The most moving episode for me focused on the Gospel of Mary Magdalene, which discusses why certain texts make it into the canon of scripture and some don’t. The text was discovered in the late 19th century and there are three copies of it, all partial. It was ignored for years. But what is there is amazing. Hearing Mary speak authoritatively as a disciple to male disciples blew me away. Maybe I cried for something I didn’t know how desperately I had been missing.

Allebest is Mormon and will bring up aspects of her religion in conversations with co-hosts, but there is no Latter-day assumption and no attempt to fit everything into Mormon cosmology. This isn’t “Feminist Relief Society.” The Family Proclamation is examined at times as an example of Allebest’s religion’s cultural expectations, and Allebest doesn’t seem to feel the need to either justify or eviscerate it. Once again, breaking down is a great metaphor as it allows you to dive in, break apart, and examine for the purpose of greater understanding. And if you choose to piece things back together, you may find yourself consciously examining which parts you want to keep and which to set aside.

One of the things that is hard for me when people “discover feminism” is the lack of interest most show in learning the history of those who came before them to challenge patriarchy. It’s part of what drew me to Exponent, the need to learn about the women who came before, what work they had done, and how I had benefited. For me, Exponent is a Mormon feminism origin story (with lots of badass women). So I love that Allebest and company are not just exploring patriarchal oppression, but are going down to the seeds, the roots, the soil. They will introduce you to texts you will wish you had read in school, texts that will make you nod your head and say yes, exactly, and be freaked out that the author lived hundreds of years ago. There is so much I didn’t know that I didn’t know. And I am so grateful for a podcast that shows me just whose shoulders I am standing on.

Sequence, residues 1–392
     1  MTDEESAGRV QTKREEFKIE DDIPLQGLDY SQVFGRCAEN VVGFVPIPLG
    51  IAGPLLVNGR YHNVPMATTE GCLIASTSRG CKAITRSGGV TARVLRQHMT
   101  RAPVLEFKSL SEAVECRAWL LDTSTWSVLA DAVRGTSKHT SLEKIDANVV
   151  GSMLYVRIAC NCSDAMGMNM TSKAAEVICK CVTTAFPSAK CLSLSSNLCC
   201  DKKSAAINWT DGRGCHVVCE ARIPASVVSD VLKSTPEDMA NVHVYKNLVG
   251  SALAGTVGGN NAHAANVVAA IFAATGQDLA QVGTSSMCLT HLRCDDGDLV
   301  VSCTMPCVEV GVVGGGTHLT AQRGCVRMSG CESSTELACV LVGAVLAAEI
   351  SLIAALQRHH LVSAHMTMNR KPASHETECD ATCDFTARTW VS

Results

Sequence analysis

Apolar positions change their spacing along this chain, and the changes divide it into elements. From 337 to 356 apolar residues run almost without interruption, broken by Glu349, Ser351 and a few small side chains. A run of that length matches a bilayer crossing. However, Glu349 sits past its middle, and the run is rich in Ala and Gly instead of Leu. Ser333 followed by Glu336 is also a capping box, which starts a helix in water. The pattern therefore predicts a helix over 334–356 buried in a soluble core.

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4 Responses

  1. Bryn Brody says:

    Thank you! Looking forward to listening. I’m hoping she also explores patriarchy from an Indigenous point of view, which is radically different than how white feminists view patriarchy. I would love to hear her thoughts on Dian Million, Sarah Deer, or Lee Maracle, for instance.

  2. Katie Rich says:

    I LOVE this podcast. A friend recommended it to me and it felt like the class I really wanted to take, but didn’t know how or where I could find it. One part that I really love is that Amy and her guests discuss the texts in both an intellectual/academic way AND a personal way. So often it seems like an academic approach denies a personal response, as though the thoughts and emotions of the scholar are irrelevant. But this podcast allows for understanding and empathy for how we got here, as well as a rejection of harmful patriarchal ideas.

  3. johal521 says:

    I read the transcript of the “Gospel of Mary Magdalene” podcast. So much to think about and follow up on!!

  4. Caroline says:

    Can’t wait to check this out! Sounds really good.